By Paul Taylor-McCartney
I’m now a third of my way into a six-year part-time PhD in Creative Writing with Leicester University, working on a 50,000-word dystopian novel, entitled The Recollector, with an accompanying reflective commentary of 20,000 words exploring the function of memory and identity in works from across the genre, including my own. Ask any part-time doctoral researcher about setting aside some dedicated time to study and they’ll tell you it’s a slow-burn process – a little and often should do it. Indeed, taking a measured approach to formulating, creating, revising and continually reviewing sections of material, whilst receiving objective but supportive tutelage from an expert supervisor, comes with its challenges, but also a wealth of opportunities to explore and ideate to the heart’s content.
For example, it’s taken the whole of my first year to get anywhere close to settling on an appropriate register for the creative piece. Third person - second person - then finally choosing first person and locating it entirely in the present tense. The course requires me to balance creative and critical interests, meaning I’m pursuing a range of digressionary journeys away from the core material, but each one actively deepening my appreciation of the processes and discipline required to achieve at this new level. A panel seminar at last year’s NAWE Conference has become an academic paper due to published later this summer. Last month, I returned to painting and the easel to create miniature canvasses to help define the sombre mood of my text’s dystopian setting - a setting in which the majority of the population suffer memory issues in one form or other, with a staggering rise in dementia cases. Elsewhere, drafting confessional poetry is helping sharpen the voice of the text, and I’m currently re-figuring the opening section of the novel as an installation piece for a small gallery in New York. This alone is asking me to re-engage with my previous performance work as both theatre director, actor and musician.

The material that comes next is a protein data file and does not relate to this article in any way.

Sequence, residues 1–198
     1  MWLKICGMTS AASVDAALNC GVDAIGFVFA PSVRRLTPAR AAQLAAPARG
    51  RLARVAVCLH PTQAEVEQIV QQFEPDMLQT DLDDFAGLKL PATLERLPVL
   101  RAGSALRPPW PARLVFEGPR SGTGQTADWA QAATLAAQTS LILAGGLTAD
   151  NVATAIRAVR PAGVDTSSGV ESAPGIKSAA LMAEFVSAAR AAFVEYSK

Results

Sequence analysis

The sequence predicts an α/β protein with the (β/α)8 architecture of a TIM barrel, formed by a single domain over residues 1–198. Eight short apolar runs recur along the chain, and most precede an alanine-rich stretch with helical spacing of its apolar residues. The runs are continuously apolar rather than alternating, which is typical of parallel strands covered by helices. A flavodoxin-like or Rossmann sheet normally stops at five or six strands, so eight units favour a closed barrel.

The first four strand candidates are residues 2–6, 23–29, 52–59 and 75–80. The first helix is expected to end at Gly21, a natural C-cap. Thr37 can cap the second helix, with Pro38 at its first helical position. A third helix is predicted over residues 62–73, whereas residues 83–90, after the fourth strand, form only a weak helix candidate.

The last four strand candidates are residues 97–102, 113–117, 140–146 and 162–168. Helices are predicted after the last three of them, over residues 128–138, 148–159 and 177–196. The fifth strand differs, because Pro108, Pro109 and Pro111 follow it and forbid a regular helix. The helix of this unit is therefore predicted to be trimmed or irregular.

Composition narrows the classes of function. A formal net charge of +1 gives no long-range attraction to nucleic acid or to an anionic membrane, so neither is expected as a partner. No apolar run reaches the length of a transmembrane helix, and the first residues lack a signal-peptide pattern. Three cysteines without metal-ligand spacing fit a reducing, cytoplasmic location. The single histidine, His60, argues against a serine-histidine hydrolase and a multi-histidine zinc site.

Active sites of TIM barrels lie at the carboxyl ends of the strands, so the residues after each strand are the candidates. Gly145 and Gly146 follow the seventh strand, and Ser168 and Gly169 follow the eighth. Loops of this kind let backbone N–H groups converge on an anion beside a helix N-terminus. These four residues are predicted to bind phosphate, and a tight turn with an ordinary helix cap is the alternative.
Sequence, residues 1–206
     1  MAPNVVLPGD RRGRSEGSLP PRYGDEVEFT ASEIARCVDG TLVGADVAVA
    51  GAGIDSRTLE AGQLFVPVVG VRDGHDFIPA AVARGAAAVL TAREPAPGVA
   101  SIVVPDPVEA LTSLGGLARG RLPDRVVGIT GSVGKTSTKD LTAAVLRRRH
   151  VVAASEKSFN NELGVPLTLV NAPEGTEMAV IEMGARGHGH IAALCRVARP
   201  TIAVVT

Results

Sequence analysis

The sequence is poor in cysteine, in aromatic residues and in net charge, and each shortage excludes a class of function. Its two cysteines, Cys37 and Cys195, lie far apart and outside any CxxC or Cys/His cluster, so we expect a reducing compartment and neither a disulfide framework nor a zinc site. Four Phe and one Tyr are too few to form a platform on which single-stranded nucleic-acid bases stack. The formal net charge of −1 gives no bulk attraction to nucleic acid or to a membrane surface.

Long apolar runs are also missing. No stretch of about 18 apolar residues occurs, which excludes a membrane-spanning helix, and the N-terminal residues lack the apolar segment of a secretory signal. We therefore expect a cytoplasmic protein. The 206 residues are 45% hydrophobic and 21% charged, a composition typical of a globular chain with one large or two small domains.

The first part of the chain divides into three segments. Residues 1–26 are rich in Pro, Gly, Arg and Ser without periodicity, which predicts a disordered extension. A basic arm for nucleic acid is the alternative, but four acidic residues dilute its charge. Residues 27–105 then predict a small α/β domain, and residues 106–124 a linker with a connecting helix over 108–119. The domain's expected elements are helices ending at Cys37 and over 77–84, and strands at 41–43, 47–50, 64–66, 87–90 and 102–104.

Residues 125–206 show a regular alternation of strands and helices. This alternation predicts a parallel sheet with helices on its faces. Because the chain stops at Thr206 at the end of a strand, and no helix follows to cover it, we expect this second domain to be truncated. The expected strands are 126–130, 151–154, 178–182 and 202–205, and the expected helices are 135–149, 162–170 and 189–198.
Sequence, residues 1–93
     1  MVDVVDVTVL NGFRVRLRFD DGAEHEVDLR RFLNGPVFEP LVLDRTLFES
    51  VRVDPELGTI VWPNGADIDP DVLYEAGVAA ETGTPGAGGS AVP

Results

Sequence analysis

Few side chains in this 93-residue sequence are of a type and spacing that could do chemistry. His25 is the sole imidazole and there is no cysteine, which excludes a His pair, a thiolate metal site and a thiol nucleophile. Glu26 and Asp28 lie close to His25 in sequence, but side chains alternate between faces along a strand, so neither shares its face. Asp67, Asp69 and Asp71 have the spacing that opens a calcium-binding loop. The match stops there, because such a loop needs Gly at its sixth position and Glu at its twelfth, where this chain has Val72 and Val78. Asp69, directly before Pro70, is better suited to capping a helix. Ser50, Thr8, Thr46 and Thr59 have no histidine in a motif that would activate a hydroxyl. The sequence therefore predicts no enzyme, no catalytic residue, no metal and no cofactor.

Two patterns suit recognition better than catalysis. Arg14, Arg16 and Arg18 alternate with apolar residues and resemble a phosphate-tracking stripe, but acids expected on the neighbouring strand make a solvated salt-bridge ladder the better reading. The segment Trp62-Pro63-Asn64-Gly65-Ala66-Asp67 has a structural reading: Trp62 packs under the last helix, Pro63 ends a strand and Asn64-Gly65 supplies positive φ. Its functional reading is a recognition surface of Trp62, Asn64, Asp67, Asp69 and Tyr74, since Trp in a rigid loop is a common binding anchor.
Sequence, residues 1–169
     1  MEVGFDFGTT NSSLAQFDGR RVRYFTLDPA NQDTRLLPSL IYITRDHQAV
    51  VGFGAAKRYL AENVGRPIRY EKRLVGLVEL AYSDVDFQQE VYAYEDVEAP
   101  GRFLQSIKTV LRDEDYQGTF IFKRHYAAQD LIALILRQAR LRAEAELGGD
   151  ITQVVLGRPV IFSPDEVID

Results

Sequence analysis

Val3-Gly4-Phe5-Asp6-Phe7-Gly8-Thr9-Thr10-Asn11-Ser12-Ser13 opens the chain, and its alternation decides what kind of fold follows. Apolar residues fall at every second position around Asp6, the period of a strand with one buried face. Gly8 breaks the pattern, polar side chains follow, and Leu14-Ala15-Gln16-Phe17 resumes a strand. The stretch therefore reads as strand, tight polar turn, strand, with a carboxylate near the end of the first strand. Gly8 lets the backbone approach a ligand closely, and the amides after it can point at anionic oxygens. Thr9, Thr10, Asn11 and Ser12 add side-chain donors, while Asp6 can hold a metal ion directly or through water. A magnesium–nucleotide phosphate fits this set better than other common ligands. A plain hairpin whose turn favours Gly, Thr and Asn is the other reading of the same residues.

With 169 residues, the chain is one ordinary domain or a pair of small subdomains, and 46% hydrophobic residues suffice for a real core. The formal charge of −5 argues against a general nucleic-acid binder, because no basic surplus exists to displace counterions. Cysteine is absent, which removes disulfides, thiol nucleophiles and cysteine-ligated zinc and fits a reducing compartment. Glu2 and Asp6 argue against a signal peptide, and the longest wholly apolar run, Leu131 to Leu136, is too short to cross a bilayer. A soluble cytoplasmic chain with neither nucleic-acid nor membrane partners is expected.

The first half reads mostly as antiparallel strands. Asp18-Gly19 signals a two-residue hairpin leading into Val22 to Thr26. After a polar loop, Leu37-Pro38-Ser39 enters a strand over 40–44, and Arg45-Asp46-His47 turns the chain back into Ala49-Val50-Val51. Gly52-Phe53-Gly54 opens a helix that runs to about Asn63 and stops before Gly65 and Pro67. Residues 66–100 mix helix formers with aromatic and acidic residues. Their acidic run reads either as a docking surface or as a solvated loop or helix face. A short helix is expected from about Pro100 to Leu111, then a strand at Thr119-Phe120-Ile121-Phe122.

At another extreme, I’m planning on producing a paper version of The Recollector using an antique 1930s Olivetti typewriter, in line with my protagonist’s need to avoid committing his memories to electronic devices of any description.
Some may consider these various digressions unnecessary and even vain enterprises. For me, a PhD in Creative Writing is not simply about completing a full-length study suitable for publication across its creative and critical elements – although that is ultimately one criterion against which I’ll be measured. It is, more crucially, proving to be a fully-immersive exploration of the artistic process in its entirety, spiralling outwards from a central conceit – and the greatest expression of my writing career to date.